Friday, June 20, 2008

Why do we restore habitats?

One of the major aspects of the Habitat Authority’s management of open space in the Puente/Whittier Hills is the restoration of degraded habitats. The term "habitat restoration" refers to the process of restoring the functional aspects of a given ecosystem to a semblance of its pre-disturbed state. As a result of more than 100 years of human land use, the majority of the Puente Hills contains disturbed habitats, including those dominated by non-native vegetation. Past and ongoing land uses that have created or contributed to disturbed, altered habitats include livestock grazing, development, oil extraction, the intentional planting of non-native vegetation, and the use of non-native invasive vegetation on properties adjacent to open space where invasive plants spread into natural areas. The Habitat Authority actively restores degraded areas by removing non-native vegetation (such as non-native grasses, mustard, thistle, castor bean, tree tobacco, etc.) and planting native vegetation that would have been present prior to the disturbance.

Approximately 190 acres of Habitat Authority lands have been or are currently being restored in some manner, including 130 acres initiated by the Habitat Authority, and another 60 acres of mitigation conducted on Habitat Authority lands to mitigate for local development projects. Restoration projects include coastal sage scrub and sycamore riparian habitats at the Hacienda Trailhead; riparian restoration in Sycamore Canyon; coastal sage scrub restoration on the former Unocal property (east of Colima Road); coastal sage scrub restoration near the Hellman Trailhead; the restoration of coastal sage scrub at the Arroyo Pescadero Trailhead; and the restoration of oak and walnut woodland, coastal sage scrub, native grassland, and riparian habitats in Powder Canyon.

Though it makes us feel good to be a part of successful restoration projects, that feeling is a byproduct of the broader goal….to improve the overall the health of the ecosystem. Through the restoration of degraded habitats, the Habitat Authority and other participants have created (and continue to create) native habitats offering shelter and food for wildlife that otherwise would not exist in the degraded habitat. For example, the federally listed coastal California gnatcatcher is nesting in coastal sage scrub vegetation at the former Unocal property where the patch of habitat did not exist just two to three years ago. Gnatcatchers have occupied that property in the past, but we have expanded the habitat to allow for the establishment of new territories and the growth of the gnatcatcher population. Besides rare species, we are providing habitat for all sorts of mammals, birds, reptiles, amphibians, and invertebrates.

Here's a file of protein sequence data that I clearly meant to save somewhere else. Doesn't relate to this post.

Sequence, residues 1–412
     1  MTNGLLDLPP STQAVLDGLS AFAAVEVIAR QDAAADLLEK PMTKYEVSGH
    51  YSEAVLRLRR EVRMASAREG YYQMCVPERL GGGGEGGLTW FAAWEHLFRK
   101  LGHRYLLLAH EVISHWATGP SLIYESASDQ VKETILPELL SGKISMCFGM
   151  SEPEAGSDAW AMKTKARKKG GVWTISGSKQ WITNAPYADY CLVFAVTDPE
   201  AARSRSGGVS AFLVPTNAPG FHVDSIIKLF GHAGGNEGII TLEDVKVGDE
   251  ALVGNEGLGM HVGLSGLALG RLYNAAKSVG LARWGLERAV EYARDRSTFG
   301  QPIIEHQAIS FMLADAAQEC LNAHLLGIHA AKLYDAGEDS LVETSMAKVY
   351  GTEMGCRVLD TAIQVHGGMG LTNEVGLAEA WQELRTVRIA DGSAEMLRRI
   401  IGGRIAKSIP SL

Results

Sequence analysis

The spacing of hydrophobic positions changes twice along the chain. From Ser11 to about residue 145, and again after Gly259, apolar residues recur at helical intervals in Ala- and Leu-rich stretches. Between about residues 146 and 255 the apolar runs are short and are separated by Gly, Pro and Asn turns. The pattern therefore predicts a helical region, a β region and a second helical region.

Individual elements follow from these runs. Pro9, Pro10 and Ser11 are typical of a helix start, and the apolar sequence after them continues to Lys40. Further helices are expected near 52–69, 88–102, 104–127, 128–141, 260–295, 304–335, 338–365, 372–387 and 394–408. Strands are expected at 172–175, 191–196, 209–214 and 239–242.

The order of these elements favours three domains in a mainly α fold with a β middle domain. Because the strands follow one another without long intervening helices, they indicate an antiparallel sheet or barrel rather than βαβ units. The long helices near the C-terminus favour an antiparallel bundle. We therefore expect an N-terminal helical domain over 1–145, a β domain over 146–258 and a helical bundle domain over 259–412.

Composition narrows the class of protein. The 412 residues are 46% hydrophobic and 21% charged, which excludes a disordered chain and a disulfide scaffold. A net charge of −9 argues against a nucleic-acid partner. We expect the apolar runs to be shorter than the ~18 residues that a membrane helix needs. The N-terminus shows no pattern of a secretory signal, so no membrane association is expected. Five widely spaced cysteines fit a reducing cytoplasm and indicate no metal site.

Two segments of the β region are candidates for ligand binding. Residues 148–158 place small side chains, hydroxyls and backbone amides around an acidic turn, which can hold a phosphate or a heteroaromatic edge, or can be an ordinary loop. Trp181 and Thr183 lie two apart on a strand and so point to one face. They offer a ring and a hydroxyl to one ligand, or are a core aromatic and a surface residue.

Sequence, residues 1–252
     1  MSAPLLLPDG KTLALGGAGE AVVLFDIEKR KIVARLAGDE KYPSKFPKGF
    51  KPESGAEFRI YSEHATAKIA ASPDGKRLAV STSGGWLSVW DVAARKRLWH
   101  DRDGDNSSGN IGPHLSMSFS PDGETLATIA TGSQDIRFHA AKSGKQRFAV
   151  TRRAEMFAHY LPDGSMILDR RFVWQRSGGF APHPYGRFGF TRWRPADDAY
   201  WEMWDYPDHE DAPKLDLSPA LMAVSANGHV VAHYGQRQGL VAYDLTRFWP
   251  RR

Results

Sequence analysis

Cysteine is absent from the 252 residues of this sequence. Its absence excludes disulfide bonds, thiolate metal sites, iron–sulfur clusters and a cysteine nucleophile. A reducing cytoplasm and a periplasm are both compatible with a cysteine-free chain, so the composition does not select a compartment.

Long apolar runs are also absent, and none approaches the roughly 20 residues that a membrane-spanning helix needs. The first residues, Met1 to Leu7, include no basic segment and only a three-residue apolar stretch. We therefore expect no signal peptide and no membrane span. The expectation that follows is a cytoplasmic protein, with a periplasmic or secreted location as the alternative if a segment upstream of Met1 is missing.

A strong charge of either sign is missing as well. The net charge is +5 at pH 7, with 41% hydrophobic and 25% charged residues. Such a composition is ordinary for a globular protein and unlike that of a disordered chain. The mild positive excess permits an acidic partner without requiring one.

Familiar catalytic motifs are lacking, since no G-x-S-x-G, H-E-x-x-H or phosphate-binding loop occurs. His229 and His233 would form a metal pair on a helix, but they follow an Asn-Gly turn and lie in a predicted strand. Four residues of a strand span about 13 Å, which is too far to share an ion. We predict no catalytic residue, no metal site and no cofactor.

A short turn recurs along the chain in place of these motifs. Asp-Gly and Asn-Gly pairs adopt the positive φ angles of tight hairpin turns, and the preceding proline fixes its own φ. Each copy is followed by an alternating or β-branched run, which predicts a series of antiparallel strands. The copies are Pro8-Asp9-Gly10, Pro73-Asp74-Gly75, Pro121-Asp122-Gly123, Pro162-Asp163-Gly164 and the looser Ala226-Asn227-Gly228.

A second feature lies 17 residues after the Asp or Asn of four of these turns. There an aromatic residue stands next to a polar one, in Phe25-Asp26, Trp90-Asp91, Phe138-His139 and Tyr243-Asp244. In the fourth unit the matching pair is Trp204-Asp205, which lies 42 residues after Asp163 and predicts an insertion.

Earlier this week I visited our former Diaz property on the far eastern edge of the preserve near Harbor Boulevard. Five years ago this property contained a house and other structures, an avocado orchard, and countless more non-native vegetation. Since then we have restored nearly 25 acres to coastal sage scrub and oak/walnut woodland. During my visit the other day, I came across a family of mule deer that are regular residents of the property. As I walked through the site, I was treated with the appearance of two fawns that calmly walked out from the shelter of a grove of walnuts (see photo above). It is rewarding to know that the habitat was restored for them.

1 comment:

Ouija said...

I know that the habitat authority removes non native foliage but to cut down the naturalized Eucalyptus trees that provided shade and homes for wildlife in Arroyo Pescadero is ridiculous.. the hillside looks terrible and the owls who normally nest in the trees are gone! These groves have been a wind block and provided shelter and beauty for many many years, they were not taking over the native plants. Booo!